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World needs 69 million new teachers to achieve education target: UN report

Teachers in World; Around the world, but especially in less developed regions, 69 million teachers are needed to reach the goal of universal

By Ground Report
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World needs 69 million new teachers to achieve education target: UN report

Around the world, but especially in less developed regions, 69 million teachers are needed to reach the goal of universal basic education by 2030, UNESCO said in a statement.

69 million new teachers

Audrey Azoulay, director general of the United Nations Educational, Scientific and Cultural Organization (Unesco), called on governments around the world to intensify their support for teachers, warning of the difficulties facing the profession to retain staff and attract new talent.

Lack of training, unattractive working conditions and inadequate funding all undermine the teaching profession and aggravate the global learning crisis. UNESCO has always placed teachers at the heart of the fight for the right to inclusive and quality education. There is an urgent need to better recognise this profession on which the future of our children depends

Audrey Azoulay, UNESCO’s Director-General

UNESCO estimates indicate that an additional 24.4 million teachers in primary education and some 44.4 million in secondary education are needed to achieve universal basic education by 2030.

Sub-Saharan Africa, which has some of the most overcrowded classrooms in the world, is also the continent with the most overworked teachers and understaffed systems, with 90% of secondary schools facing severe teacher shortages.

In that region of the world, 5.4 million teachers in primary education and 11.1 million in secondary education are needed to achieve the goals of the Sustainable Development Goals (SDG) set by the United Nations for 2030.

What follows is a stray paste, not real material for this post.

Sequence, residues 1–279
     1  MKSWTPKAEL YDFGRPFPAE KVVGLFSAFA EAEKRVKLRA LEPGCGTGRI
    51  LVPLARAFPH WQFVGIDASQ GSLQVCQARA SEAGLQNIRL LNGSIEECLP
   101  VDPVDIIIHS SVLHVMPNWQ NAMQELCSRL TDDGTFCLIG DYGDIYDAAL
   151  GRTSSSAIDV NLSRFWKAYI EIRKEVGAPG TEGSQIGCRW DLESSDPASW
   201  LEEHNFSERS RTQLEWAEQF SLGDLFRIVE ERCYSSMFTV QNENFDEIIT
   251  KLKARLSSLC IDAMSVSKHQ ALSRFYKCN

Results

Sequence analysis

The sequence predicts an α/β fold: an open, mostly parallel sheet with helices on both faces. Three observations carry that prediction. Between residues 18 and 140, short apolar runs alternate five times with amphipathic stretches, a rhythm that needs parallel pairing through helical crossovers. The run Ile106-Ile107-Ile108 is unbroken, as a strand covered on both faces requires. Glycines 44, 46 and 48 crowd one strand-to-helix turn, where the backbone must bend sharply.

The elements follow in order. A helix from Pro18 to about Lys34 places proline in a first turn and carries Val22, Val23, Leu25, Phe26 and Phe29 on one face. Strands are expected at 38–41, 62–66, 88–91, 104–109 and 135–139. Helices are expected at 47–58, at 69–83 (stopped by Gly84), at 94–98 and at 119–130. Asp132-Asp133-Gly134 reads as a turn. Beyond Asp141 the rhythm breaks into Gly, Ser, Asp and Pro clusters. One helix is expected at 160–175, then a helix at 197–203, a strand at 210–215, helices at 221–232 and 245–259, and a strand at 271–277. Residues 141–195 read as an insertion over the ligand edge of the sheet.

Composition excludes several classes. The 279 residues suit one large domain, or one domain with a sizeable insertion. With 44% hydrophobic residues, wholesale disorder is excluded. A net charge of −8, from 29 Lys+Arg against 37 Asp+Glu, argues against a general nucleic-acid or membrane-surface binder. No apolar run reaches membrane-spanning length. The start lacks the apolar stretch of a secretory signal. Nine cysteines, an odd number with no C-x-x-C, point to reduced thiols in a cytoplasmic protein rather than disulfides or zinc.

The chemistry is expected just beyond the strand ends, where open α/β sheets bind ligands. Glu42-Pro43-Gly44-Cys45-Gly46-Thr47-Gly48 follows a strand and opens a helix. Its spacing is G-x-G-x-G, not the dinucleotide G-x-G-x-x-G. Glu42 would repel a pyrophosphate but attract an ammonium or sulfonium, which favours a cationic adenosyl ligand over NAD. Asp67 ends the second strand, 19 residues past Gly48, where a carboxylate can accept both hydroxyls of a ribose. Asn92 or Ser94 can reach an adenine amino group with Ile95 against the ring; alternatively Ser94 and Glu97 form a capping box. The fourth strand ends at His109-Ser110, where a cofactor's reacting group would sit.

SDG 4, education for all, has as its first goal to ensure that all girls and boys complete primary and secondary education, which must be free, equitable, of quality and produce relevant and effective learning.

Lack of training

The region with the second largest deficit in South Asia, where UNESCO projects that an additional 1.7 million teachers will be needed at the primary level and 5.3 million at the secondary level.

In low-income countries, the first obstacle is the heavy workload, since according to recent data from UNESCO, each primary school teacher in these countries has an average of 52 students per class, while the world average is 26.

The ratio is especially high in sub-Saharan Africa, with 56 students per teacher, and in South Asia, with 38. In Europe and North America, there are an average of just 15 students per teacher.

The difficulties of supervision are aggravated by the lack of training, which means that teachers do not always have all the tools at their disposal to achieve adequate performance in the classroom.

UNESCO data shows that approximately 26% of primary teachers and 39% of secondary teachers lack the minimum required qualifications in low-income countries, compared to 14% and 16%, respectively, Worldwide.

Childcare facilities

In more remote, deprived, and rural areas, conditions are worsening and aggravated by multiple grades, multilingualism, and pressing classroom learning needs.

Female teachers are disproportionately affected due to lack of adequate housing, long and unsafe commutes to school, and a lack of childcare facilities, making it difficult for women to remain in remote teaching positions.

The underrepresentation of women teachers in certain areas of knowledge and in management positions is another permanent challenge.

The profession's crisis is also accentuated by uncompetitive salaries, with UNESCO data showing that six out of 10 countries pay primary teachers less than other professionals with similar qualifications.

This criterion is especially evident in high-income countries. In five of the six countries in this group, primary school teachers earn less than comparable professionals.


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